The OECD says the sharp decline in income persistence in the UK during this time “may partly be explained by the lower unemployment rate and policy reforms introduced in the system of cash-benefits and tax credits during the 1990s and early 2000 (such as the Working Families Tax Credit and the Child Tax Credit), and the introduction of a national minimum wage, in line with a “making work pay” strategy… However, the reduction in low-income persistence has also been accompanied by an increased recurrence of poverty spells in the United Kingdom.”

“Trebling help to the poorest countries … becoming the first major developed nation to hit the 0.7% of GDP aid target.”

It’s correct that the amount of money that the UK spent on development aid roughly tripled in real terms under the last Labour government (that’s accounting for inflation). This followed two decades of it staying relatively flat.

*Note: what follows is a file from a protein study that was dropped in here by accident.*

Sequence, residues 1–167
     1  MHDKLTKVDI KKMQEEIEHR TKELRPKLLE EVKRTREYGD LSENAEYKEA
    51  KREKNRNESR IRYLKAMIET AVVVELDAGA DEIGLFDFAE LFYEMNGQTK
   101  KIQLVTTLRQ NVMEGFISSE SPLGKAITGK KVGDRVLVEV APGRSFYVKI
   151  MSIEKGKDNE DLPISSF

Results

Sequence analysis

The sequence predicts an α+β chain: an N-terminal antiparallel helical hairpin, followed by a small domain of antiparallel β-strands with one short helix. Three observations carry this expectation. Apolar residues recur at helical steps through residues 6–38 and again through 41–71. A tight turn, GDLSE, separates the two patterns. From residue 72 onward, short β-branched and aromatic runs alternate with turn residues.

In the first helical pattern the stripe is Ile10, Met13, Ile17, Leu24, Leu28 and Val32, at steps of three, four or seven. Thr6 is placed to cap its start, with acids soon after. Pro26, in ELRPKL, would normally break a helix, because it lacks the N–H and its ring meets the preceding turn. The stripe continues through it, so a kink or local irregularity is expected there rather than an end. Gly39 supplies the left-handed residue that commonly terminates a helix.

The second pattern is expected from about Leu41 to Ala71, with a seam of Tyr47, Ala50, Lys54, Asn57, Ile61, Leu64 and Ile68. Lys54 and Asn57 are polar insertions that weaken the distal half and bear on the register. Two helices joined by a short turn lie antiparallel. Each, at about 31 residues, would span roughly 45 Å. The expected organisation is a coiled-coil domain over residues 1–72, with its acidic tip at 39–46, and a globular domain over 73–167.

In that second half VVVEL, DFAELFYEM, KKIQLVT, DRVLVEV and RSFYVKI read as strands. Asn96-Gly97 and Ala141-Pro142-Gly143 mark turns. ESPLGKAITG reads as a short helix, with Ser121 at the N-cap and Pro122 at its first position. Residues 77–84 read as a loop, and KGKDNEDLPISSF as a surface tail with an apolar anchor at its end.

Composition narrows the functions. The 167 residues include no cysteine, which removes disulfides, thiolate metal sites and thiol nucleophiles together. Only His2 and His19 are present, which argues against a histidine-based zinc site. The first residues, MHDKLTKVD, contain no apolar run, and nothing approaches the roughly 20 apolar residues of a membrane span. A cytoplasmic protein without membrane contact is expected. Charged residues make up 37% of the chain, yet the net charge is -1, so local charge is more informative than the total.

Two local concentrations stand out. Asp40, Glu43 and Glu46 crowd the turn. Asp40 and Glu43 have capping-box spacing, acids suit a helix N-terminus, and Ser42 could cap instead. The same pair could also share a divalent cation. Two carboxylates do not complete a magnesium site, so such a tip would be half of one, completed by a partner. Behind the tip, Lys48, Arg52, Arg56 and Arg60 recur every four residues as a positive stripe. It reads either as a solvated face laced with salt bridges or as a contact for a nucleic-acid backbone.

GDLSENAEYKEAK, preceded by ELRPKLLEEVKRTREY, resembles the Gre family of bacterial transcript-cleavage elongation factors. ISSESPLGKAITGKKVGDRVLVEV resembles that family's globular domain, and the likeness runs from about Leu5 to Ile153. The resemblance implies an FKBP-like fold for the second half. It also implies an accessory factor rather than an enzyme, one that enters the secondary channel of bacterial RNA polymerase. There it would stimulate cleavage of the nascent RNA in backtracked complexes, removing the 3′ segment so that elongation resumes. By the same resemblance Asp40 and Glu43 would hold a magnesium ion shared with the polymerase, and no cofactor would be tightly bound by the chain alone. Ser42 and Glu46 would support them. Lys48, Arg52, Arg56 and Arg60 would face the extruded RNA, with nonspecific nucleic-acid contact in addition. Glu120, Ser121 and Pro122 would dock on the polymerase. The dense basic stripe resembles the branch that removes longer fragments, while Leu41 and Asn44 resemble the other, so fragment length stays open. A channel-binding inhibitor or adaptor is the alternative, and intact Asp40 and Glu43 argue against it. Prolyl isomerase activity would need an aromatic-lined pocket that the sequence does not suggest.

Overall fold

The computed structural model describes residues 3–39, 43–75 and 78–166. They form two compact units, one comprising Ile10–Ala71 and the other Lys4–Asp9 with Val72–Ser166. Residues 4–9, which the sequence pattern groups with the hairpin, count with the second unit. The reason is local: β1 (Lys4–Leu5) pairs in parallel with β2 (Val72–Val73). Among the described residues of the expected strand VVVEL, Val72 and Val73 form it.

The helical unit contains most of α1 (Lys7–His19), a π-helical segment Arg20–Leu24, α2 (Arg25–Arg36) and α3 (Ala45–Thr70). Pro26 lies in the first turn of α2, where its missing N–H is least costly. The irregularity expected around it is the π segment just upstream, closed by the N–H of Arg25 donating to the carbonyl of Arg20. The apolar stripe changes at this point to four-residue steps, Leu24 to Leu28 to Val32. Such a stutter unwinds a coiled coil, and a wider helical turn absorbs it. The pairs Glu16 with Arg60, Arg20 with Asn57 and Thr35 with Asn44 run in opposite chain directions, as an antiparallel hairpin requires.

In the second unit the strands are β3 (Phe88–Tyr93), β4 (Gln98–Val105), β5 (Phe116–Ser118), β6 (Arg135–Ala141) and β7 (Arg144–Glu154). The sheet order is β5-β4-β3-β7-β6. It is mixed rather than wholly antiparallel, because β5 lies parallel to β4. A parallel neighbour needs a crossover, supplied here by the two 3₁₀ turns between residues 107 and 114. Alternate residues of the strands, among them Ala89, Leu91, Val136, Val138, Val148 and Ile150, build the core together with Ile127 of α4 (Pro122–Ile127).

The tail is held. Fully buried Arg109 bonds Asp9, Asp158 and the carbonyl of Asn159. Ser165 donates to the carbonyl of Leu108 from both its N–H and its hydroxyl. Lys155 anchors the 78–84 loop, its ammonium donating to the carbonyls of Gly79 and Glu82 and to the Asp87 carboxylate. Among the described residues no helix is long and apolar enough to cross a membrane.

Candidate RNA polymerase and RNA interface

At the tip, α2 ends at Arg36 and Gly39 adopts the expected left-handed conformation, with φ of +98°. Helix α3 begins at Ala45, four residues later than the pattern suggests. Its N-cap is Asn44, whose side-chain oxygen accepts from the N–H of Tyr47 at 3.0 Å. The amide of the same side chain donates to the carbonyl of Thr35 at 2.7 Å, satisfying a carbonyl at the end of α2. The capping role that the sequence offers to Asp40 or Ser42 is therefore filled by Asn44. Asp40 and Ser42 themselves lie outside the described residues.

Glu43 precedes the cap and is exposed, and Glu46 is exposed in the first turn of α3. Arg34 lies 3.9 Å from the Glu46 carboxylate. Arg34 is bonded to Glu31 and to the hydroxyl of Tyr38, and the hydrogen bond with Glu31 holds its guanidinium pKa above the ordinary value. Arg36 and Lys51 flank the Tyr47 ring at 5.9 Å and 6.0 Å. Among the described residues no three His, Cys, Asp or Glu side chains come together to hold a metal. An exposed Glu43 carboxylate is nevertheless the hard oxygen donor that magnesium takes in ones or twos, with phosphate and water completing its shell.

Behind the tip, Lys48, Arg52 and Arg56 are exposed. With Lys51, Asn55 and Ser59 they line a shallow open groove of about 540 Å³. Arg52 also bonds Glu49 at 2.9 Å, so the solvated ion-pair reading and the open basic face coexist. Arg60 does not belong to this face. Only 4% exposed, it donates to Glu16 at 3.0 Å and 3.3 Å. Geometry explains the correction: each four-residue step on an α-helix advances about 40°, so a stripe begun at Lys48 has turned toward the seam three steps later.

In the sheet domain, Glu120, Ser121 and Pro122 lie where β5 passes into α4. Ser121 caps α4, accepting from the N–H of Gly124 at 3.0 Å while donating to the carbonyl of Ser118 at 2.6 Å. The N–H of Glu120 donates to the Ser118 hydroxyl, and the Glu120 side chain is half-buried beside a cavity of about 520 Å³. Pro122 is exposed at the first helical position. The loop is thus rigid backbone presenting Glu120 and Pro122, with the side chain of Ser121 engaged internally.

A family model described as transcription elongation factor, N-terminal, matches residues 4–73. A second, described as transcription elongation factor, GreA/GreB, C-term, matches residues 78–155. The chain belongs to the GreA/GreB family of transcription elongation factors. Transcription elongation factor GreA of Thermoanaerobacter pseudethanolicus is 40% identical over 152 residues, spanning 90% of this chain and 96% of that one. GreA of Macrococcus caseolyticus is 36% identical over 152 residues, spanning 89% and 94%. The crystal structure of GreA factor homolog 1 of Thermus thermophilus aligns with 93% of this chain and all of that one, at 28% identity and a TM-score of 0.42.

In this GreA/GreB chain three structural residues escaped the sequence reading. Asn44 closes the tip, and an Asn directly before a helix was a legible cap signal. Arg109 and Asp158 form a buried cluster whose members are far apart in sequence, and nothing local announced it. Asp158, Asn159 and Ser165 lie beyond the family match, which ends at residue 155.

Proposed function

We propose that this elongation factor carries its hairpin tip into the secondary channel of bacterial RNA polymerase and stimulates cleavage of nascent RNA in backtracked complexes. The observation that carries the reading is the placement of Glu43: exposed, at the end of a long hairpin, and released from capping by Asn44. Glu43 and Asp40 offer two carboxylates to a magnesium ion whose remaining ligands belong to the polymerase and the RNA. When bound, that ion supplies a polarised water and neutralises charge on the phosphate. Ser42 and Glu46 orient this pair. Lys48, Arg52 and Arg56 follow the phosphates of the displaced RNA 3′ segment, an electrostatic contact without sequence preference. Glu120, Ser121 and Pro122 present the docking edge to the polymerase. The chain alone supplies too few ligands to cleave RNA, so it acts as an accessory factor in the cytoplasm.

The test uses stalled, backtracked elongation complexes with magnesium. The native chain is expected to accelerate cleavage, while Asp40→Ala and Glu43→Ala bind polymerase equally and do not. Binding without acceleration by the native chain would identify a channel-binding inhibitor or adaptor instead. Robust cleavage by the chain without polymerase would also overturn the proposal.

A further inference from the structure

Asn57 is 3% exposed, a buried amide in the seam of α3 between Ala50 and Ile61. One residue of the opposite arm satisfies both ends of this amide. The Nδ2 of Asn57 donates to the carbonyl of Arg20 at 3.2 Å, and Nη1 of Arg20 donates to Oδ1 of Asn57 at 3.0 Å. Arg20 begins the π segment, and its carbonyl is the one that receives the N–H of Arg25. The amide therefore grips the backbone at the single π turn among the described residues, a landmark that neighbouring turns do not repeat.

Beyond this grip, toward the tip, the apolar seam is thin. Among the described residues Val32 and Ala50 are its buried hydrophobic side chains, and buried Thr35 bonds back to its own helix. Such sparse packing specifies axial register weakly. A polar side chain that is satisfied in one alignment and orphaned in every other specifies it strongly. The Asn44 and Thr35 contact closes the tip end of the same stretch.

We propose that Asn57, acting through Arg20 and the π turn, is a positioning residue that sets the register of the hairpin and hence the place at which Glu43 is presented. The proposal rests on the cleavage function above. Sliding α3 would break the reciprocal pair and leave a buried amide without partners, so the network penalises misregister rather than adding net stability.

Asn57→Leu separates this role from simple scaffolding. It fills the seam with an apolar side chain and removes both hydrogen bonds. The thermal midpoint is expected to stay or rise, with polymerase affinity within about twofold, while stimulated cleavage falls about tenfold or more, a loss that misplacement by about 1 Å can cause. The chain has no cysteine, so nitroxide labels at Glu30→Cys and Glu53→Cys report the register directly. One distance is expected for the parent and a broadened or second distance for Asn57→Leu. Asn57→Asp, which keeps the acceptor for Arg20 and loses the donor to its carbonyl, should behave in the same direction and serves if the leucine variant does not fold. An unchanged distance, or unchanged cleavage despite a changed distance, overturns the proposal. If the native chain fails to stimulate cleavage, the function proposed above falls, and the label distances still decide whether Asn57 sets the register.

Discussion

The UN has had a long-standing target that the Official Development Assistance (ODA)—often referred to as foreign aid—provided by a country should total 0.7% of its Gross National Income (GNI). GNI is a country’s annual output of goods and services, plus any income from abroad.

There’s no fixed definition of “major developed nation”, but a number of European countries reached the target of spending 0.7% of GNI on aid before the U.K. did. They were: Denmark, the Netherlands, Sweden, Norway, Luxembourg and Liechtenstein. No G7 or G20 country reached the 0.7% target before the UK.

But that 0.7% target wasn’t met by the UK until 2013, three years after Labour left office. While Mr Blair’s government in particular accelerated the growth of foreign aid spending, it was the Coalition government that both enshrined a commitment to 0.7% of foreign aid spending into law, and was the first to reach that target.

Update 20 June 2019

We've updated this piece with figures on government spending.